The rest of Disappointment with God was less interesting to me as a skeptic. Yancey’s guided tour of the Bible, highlighting the way God’s relationship changed with regards to humans, and offering of possible answers for life’s struggles from the book of Job, are all based on the assumption that the bible is true. This is okay, as Yancey himself admits that he does not write apologetics. For this reason I think this book is focussed more towards the struggling believer than the ex-Christian.

9 comments:

Kirsten said...

I walked away from the Lord for about 5 years after getting my pastoral License and being in intense ministry at a young age. The church politics gave me a very bad taste in my mouth and I decided that I didn't want to be a part anymore. Those 5 years were filled with events- but the thing that I regret the most- was walking away from the Lord's love and intimacy. Life's not perfect- because of sin. But God's love is always there...comforting. Life without the feeling that God is there- sucks. I will pray for you. Pray that the Holy Spirit will not leave you alone- That the presence of God will keep you up at night...that God's love will surround. That you will not be able to run from God's spirit. I gave my heart back to the Lord- and there is absolutely NO COMPARRISON. My GOD is real.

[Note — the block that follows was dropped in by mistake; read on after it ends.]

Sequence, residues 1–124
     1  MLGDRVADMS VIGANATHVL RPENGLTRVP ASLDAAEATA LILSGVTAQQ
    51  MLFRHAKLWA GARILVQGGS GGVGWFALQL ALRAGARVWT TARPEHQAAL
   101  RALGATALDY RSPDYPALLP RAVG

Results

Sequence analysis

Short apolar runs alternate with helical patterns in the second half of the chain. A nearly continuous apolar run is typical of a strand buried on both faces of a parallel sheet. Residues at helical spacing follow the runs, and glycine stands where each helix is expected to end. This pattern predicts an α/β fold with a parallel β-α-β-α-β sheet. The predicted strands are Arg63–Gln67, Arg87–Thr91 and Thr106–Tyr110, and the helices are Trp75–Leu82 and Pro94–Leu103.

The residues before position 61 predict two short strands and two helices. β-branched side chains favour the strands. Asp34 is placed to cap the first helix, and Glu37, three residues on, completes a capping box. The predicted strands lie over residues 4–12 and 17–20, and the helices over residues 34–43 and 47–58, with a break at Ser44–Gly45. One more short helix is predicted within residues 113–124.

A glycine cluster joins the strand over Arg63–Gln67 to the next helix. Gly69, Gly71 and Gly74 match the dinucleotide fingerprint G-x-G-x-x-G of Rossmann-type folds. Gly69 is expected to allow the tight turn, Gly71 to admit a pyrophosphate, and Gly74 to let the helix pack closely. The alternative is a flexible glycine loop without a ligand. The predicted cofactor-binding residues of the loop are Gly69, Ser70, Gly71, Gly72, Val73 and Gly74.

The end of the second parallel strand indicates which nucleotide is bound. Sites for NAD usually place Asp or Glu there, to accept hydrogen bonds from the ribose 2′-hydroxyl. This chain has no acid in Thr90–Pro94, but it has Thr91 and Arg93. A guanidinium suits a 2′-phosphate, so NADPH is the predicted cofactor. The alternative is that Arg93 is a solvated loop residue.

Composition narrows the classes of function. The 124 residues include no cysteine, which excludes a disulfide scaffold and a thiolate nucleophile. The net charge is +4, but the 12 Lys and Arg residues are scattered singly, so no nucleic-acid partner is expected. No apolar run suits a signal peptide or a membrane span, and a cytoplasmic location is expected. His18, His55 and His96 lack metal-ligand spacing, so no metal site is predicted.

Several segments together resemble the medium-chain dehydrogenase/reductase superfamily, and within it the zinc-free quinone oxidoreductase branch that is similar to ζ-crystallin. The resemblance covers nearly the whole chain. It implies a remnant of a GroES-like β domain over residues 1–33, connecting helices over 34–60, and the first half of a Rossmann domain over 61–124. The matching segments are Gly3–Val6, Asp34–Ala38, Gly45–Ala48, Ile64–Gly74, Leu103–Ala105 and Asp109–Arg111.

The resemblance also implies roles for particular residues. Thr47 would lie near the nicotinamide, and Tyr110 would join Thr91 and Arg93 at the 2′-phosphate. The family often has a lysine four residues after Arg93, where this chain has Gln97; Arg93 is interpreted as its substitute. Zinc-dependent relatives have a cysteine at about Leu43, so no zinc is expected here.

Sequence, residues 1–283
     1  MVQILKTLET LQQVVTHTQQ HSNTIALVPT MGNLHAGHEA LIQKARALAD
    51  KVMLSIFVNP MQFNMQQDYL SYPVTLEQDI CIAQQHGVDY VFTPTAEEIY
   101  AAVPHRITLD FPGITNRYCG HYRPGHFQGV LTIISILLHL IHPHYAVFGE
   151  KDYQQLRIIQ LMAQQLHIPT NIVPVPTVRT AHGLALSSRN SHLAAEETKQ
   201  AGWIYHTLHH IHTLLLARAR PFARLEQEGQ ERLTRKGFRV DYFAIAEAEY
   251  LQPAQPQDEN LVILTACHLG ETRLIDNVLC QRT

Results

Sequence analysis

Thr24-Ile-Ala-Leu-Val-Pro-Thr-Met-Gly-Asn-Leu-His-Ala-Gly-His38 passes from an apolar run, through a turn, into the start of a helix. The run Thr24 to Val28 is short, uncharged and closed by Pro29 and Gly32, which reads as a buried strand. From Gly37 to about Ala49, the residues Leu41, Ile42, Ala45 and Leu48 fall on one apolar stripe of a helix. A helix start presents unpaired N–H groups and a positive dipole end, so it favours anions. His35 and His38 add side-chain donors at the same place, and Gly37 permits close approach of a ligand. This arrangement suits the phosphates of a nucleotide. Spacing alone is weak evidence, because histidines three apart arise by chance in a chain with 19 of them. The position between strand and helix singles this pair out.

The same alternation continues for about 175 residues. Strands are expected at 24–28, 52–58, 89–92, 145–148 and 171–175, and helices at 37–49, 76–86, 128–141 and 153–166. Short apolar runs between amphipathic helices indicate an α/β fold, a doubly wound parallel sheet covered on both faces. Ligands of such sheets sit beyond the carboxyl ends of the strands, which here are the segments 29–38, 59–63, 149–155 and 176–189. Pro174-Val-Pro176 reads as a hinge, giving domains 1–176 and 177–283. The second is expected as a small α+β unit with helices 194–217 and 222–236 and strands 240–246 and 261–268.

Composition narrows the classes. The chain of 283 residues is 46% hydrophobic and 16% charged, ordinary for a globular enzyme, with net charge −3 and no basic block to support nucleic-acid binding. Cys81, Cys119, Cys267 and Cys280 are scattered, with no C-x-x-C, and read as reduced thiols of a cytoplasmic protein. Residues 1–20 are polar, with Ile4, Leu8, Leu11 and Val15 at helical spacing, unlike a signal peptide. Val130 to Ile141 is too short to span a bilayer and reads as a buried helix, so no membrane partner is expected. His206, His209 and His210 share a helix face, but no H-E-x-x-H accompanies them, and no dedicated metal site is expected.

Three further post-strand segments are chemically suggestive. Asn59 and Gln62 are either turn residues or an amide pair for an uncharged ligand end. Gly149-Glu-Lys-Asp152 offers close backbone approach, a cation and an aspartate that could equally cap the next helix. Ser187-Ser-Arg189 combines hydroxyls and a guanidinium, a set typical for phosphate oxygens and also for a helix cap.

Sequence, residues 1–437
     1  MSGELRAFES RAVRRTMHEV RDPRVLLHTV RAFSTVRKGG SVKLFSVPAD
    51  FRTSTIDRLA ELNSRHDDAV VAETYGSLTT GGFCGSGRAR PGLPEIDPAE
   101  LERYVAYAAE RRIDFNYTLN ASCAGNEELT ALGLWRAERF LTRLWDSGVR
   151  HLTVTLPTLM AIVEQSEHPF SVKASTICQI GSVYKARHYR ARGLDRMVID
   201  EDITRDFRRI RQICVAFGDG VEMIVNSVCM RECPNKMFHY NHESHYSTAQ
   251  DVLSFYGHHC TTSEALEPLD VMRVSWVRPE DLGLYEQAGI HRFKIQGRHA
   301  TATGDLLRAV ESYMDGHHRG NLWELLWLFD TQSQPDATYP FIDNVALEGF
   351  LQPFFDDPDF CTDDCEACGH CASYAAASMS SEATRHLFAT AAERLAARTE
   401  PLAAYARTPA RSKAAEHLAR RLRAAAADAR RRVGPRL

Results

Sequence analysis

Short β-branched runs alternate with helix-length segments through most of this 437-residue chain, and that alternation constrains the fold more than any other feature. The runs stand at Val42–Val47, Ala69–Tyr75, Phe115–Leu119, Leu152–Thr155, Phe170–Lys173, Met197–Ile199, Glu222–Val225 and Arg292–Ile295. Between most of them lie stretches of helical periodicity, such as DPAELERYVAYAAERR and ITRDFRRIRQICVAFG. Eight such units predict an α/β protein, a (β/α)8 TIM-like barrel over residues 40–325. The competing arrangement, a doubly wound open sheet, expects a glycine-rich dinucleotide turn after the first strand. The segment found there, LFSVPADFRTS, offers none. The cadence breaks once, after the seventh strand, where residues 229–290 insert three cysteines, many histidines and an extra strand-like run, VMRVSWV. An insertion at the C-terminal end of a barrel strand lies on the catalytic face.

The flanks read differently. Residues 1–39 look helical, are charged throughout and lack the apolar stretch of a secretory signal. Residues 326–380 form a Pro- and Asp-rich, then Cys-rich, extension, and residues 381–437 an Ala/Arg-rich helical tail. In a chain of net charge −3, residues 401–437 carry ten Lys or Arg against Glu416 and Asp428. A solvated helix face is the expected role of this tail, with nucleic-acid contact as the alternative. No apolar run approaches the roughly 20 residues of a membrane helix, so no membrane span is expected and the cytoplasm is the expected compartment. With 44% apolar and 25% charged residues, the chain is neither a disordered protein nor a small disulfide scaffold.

Anonymous said...

Science and all the knowledges in the world may prove that it is true
and it might deny God and the Bible.
But for me, I can't deny God because I feel God within me all the time.
Like you can't deny that strawberry is red, because I see red.[sorry bad example]
And God has emotions and feelings
like humans that if I leave him He will be heart-broken, and I can not dare to do that.
God might be heart-broken right now... because of you....